Argentina’s political framework had a stage of solid political reality, even if many now don’t much like that age (probably rightly so). For example, Argentina did have a liberal conservative model of a political party that held the country’s leadership for more than half a century, its existence saddling the 19th and 20th. In 1862, liberal politician Adolfo Alsina started the Autonomous (Autonomista) party, with the aim of keeping Buenos Aires out of a confederation of provinces. This group followed the line or was a continuation of the Unitarian (Unitario) party, which had opposed dictator Juan Manuel de Rosas (in government, with interruptions, between 1829 and military defeat in 1852) in a bloody rivalry up and down the country. In 1874, Alsina faced serious defeat in parliamentary elections and reached agreement with the popular National Party to establish an alliance. The new organisation was the Autonomista Nacional party, known as Argentina’s long strong conservatives who ruled or controlled those who ruled almost continuously right through to 1916. That was when Hipólito Yrigoyen (1852-1933) and his Civic Radical Union (UCR) swept into power in the first election since the introduction of the universal vote, known as the Saenz Peña law. The defeat in 1916 marked the end of the conservative party in Argentina. Following that, welcome populism. Smaller groups would use the name of conservative in failed attempts to regain office.
The UCR had been founded in 1891 by Leandro N. Alem, a well-known politician and a relation of Yrigoyen, and it could be ranked as another of the country’s long-life parties. Its high point in national history was the beginning of a remarkable feat in the 1916 elections and Raúl Alfonsín’s election in 1983 might be considered the party’s closing chapter as a well-organised network of local branches. By the time of the election to the presidency of Fernando de la Rúa in 1999, the party was fading rapidly. Perhaps its survival as a name was the alliance of sorts with the ruling Cambiemos (Let’s Change) coalition, but that was no longer the party political alliance of old and the whole structure was changing. The individuals with a yen for politics and power were ready for the succession.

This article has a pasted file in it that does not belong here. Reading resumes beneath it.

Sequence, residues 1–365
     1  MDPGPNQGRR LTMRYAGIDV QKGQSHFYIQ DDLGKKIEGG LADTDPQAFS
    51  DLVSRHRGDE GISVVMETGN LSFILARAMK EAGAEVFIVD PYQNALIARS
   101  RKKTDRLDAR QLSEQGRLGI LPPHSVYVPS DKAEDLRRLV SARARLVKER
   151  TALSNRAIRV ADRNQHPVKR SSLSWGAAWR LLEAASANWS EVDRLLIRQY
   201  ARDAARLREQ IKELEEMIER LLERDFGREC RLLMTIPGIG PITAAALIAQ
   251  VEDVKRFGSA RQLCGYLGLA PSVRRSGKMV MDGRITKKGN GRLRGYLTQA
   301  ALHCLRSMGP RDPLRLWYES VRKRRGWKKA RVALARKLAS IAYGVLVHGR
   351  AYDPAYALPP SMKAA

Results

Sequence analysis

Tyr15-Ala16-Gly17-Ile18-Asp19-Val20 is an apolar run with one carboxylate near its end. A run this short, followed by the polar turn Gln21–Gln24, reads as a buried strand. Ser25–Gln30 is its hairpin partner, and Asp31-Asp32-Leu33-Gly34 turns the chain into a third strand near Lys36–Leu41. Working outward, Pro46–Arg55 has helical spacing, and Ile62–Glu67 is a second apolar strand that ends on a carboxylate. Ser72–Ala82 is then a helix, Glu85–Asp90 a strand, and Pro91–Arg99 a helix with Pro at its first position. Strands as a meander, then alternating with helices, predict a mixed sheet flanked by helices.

Obvious it is that many will argue that Peronism is a party that stands with the other long-runners surviving nationwide control, then banishment and finally defeat as well as victory. But Peronism was a one-man party in many ways, registered as the Peronist Party in January 1947. Juan Domingo Perón did not like the concept of “parties.” He considered himself leader of a “Peronist movement” that had to change the country and change with the times. Today, and for some time now, Peronism has established itself as a platform for rule-by-handouts governance.
The Communist Party was founded in La Boca in January 1918 and remains a rule-by-committee organisation. However, it has outlived many other groups. But if some of those mentioned are yesterday’s men, they are part of yesterday’s parties. We can only wonder for now how the transition takes place.
(*) Former editor of the Buenos Aires Herald (1994-2007)